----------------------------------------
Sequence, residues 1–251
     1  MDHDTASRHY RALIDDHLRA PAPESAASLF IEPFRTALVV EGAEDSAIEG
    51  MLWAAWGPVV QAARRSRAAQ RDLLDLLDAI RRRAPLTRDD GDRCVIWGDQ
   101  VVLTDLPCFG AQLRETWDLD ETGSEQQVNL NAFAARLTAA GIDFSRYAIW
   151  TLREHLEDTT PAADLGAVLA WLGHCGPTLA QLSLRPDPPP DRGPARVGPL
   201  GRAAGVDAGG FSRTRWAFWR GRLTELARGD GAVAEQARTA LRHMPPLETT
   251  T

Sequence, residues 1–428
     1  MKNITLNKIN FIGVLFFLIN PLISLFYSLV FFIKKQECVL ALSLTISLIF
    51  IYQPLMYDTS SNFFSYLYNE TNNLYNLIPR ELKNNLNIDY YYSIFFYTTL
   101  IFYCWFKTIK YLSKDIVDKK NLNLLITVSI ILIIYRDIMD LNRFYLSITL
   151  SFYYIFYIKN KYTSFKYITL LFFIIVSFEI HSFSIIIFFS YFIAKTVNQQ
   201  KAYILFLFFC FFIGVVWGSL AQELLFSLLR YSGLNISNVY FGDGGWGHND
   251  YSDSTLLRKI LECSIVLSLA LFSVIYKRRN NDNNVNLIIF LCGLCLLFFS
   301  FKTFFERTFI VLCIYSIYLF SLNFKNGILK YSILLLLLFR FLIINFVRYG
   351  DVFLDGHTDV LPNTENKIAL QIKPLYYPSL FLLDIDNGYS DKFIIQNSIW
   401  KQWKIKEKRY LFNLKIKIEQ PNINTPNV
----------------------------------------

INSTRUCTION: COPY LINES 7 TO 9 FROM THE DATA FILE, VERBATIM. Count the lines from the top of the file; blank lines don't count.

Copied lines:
   251  T

Sequence, residues 1–428
     1  MKNITLNKIN FIGVLFFLIN PLISLFYSLV FFIKKQECVL ALSLTISLIF